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New curriculum requirements proposed for Mich. high schools

by David Eggert, Associated Press LANSING – Michigan’s high school graduation requirements would become more flexible and include a mandatory career readiness course under a series of recommendations and moves announced Monday by Gov. Rick Snyder, who said more must be done to help students fill in-demand jobs in the trades. Snyder called on lawmakers to change the requirements, known as the Michigan Merit Curriculum, to mandate that a career exploration-job skills class be completed in seventh or eighth grade. He said computer science should count to meet a foreign language requirement and that students should be able to fulfill health and physical education requirements by completing career health programs. The curriculum changes were included in a broader list of career pathway proposals developed after top state officials gathered input from employers, educators and union leaders. Recommendations include using certain career planning programs statewide, enhancing career counseling, letting career and technical education students earn an industry-recognized credential and increasing the number of trade instructors. To graduate from high school in Michigan, students must earn at least 18 credits in seven subject areas and complete an online course or learning component. Those who graduate in 2021 or earlier already can fulfill up to half of the two-credit foreign language requirement by completing a career and technical education program or earning another credit in visual, performing or applied arts. The Republican-governor’s announcement came about three months after the GOP-led House voted 69-39 to replace the foreign language and art requirements with a three-credit 21st-Century skills requirement. It could be met by any combination of a foreign language, art, computer science or... read more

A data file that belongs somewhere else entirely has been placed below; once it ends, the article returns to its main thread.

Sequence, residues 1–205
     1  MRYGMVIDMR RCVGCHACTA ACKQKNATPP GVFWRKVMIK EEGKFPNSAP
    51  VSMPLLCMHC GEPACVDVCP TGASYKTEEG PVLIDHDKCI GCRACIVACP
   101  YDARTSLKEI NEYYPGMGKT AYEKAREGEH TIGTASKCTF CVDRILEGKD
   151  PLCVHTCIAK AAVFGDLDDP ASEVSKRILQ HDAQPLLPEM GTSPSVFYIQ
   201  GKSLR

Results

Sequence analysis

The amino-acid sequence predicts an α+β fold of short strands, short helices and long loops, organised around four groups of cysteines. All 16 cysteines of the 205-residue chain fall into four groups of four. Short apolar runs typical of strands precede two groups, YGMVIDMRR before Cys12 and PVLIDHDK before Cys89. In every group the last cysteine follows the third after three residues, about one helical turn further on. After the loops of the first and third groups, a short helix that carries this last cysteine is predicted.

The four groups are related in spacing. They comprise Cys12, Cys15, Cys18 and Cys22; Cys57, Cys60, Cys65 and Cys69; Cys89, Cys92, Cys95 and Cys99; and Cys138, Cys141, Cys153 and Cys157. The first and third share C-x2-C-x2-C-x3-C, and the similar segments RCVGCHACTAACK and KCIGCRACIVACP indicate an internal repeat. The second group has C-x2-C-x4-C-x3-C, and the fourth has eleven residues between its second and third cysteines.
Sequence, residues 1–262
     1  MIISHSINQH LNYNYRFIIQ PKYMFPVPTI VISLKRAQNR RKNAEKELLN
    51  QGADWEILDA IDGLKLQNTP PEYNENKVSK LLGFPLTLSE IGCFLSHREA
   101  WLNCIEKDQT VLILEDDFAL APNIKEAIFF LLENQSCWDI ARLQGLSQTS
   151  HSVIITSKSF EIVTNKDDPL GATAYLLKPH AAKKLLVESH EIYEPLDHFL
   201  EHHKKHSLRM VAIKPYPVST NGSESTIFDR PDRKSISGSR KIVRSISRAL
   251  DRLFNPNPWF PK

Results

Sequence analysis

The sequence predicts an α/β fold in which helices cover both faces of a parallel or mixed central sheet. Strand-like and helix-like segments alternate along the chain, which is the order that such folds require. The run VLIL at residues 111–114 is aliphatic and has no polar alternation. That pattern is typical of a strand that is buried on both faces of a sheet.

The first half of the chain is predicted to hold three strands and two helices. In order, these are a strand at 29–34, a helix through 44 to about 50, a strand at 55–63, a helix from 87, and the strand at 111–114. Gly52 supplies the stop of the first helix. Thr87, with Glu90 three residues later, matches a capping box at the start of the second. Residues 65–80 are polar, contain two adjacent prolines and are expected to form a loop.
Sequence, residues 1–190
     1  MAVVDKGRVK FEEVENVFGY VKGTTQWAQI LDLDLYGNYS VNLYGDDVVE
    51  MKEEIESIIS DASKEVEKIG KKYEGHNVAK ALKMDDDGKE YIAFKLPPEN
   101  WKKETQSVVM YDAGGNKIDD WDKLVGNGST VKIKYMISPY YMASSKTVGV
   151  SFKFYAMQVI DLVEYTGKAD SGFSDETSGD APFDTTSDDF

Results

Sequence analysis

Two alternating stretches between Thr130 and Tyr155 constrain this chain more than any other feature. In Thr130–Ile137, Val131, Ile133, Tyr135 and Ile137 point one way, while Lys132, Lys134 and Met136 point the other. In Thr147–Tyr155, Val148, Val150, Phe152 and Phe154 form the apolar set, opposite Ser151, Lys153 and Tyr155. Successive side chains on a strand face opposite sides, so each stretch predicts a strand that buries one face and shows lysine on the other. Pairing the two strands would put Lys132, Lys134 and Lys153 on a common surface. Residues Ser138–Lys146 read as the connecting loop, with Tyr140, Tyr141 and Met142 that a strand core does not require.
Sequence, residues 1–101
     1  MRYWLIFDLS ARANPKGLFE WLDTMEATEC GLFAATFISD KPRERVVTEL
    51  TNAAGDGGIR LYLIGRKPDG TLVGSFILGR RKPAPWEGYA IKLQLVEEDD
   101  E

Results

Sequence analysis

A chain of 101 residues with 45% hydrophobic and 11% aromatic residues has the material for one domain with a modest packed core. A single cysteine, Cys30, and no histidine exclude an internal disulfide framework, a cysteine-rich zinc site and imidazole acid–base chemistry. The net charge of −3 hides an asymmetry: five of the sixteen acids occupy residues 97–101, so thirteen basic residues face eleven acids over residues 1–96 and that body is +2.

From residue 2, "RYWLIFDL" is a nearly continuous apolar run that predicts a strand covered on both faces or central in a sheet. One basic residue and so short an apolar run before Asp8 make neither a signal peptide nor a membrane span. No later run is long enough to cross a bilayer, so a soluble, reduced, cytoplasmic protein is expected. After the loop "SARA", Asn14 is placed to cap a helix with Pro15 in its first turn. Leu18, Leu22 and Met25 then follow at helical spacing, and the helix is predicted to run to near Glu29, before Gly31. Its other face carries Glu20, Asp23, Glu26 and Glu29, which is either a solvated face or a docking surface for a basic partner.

Miami win right to sue banks for predatory lending to minorities

Supreme Court Rules Miami Can Sue for Predatory Lending By ADAM LIPTAKMAY 1, 2017/New York Times   WASHINGTON — The Supreme Court ruled on Monday that Miami can sue two banks for predatory lending under the Fair Housing Act of 1968. The case arose from the 2008 financial crisis. Miami sued Bank of America and Wells Fargo, saying that their discriminatory mortgage lending practices had led to a disproportionate number of defaults by minority home buyers and, in turn, to financial harm to the city. Even as the majority of justices ruled that Miami was entitled to sue under the housing law, the court declined to decide whether the city had asserted a direct enough connection between the banks’ actions and the harm it claimed. The court sent the case back to the federal appeals court in Atlanta for further exploration of that question. When the case was argued in the Supreme Court in November, it seemed headed for a 4-4 tie. But the vote on the question of whether Miami could sue under the law was 5 to 3, with Chief Justice John G. Roberts Jr. joining the court’s four-member liberal bloc to form a majority. Miami said the banks had intentionally and disproportionately issued risky mortgages on unfavorable terms to black and Hispanic borrowers. That led, the city said, to segregation and foreclosures, hurting its property tax base and requiring it to provide additional municipal services. A trial court dismissed the suits in 2014, saying the city had not demonstrated that its claims were covered by the housing law. The United States Court of Appeals for the... read more
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